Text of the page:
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The Brief: May 8, 2013

Amid pressure from Gov. Rick Perry, the House has signed off on one of his top legislative priorities this session: business tax cuts.

Gov. Rick Perry speaks with a reporter on Feb. 21, 2012, a month after dropping his bid for the Republican presidential nomination.

The Big Conversation

Amid pressure from Gov. Rick Perry, the House has signed off on one of his top legislative priorities this session: business tax cuts.

The lower chamber on Tuesday gave preliminary approval to House Bill 500, major tax reform legislation intended to give about $400 million in relief to Texas businesses. (Perry, who recently proposed $1.6 billion in tax cuts, has threatened to call a special session if legislators fail to pass "significant tax relief" this year.) 

After hours of debate on Tuesday, though, the amount of tax relief climbed to $667 million after lawmakers from both parties added amendments aimed at reducing the franchise tax burden on individuals, small businesses and specific industries, like oil and gas.

Democrats slammed the legislation, filed by state Rep. Harvey Hilderbran, R-Kerrville, for taking money away from the state while other areas like public education await funding.

"Today it’s raining for rich people in Texas," said Rep. Roland Gutierrez, D-San Antonio, according to The Dallas Morning News.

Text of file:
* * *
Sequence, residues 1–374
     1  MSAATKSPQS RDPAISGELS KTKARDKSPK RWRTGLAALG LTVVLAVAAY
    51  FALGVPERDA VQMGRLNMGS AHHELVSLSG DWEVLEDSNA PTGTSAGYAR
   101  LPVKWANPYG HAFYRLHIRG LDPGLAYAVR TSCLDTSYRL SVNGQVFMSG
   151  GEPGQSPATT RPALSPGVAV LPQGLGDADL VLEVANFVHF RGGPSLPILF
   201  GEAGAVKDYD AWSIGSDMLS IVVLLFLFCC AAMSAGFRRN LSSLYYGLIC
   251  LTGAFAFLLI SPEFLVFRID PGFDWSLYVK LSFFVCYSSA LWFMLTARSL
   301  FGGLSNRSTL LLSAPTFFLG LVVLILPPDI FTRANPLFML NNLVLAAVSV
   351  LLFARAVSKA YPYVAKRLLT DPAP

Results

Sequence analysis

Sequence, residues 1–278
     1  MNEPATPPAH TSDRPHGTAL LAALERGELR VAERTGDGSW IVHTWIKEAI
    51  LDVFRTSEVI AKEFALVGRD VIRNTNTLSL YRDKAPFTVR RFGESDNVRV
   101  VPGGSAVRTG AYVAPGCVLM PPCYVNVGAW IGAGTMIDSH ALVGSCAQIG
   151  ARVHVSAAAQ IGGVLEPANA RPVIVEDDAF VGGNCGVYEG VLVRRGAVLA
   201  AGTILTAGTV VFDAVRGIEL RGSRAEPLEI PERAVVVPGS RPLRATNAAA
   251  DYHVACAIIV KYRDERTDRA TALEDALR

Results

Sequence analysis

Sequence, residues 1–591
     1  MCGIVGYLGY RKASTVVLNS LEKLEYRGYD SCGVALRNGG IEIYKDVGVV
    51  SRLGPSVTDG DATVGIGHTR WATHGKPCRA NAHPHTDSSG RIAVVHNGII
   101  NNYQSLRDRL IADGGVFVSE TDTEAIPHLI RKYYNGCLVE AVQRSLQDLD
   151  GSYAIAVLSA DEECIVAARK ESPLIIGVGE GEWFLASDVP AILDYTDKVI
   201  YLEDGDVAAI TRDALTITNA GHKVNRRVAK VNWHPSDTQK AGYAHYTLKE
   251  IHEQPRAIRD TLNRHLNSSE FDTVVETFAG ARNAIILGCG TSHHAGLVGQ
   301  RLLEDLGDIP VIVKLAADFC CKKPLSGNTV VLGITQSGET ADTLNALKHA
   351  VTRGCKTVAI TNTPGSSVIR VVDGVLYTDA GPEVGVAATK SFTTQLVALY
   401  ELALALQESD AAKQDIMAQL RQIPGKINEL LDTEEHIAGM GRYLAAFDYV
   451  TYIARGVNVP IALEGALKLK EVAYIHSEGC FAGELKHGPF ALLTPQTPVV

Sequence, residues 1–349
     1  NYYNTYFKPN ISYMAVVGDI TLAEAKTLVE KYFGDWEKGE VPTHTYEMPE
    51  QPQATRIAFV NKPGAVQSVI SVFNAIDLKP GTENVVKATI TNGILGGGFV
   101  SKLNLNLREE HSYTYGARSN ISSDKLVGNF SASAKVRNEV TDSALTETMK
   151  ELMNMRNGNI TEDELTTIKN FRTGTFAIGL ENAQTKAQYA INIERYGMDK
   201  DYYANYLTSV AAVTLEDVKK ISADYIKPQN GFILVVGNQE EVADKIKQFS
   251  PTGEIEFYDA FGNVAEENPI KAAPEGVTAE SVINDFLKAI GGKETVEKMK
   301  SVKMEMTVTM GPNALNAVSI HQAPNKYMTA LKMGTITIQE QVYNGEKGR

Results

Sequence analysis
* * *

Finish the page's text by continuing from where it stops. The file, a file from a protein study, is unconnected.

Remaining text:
Tension laced the hours-long debate. As the Tribune's Emily Ramshaw reports, one testy exchange between Hilderbran and Rep. Sylvester Turner, D-Houston, even silenced the House.

Some Republicans also expressed concerns over the bill's rising cost.

"There are a number of people on the floor that do not want to bust the spending cap," said Rep. Lois Kolkhorst, R-Brenham. "Obviously the bigger this bill gets, the more this could be likely."

After a final vote on the bill in the House today, the bill will move to the Senate, where lawmakers have expressed concerns about its price tag.


•    King Pulls Measure on Public Integrity Unit Oversight (The Texas Tribune): "State Rep. Phil King on Tuesday pulled an amendment that would transfer power over the state’s public integrity away from Travis County District Attorney Rosemary Lehmberg. But King said he has the support to attach it to future bills."

•    UT regents expected to OK $334.5 million plan for med school (Austin American-Statesman): "A years-long effort to establish a medical school at the University of Texas is about to reach a major milestone. A committee of the UT System Board of Regents is scheduled to review the university’s $334.5 million proposal Wednesday, and the full board is expected to sign off Thursday."

•    As Clock Ticks, Medicaid Expansion Dwindles (The Texas Tribune): "The likelihood of Texas expanding Medicaid coverage — even through a private market alternative — is looking slim. And some members of the House's Tea Party faction said they would vote against the budget if a rider opening the door to expansion talks were attached."

Quote of the Day: "Speaking the truth, shining light on substantive disagreements of our elected representatives is not bullying. It is the responsibility of each of us." — U.S. Sen. Ted Cruz in response to Senate Majority Leader Harry Reid, who on Monday called Cruz a "schoolyard bully"


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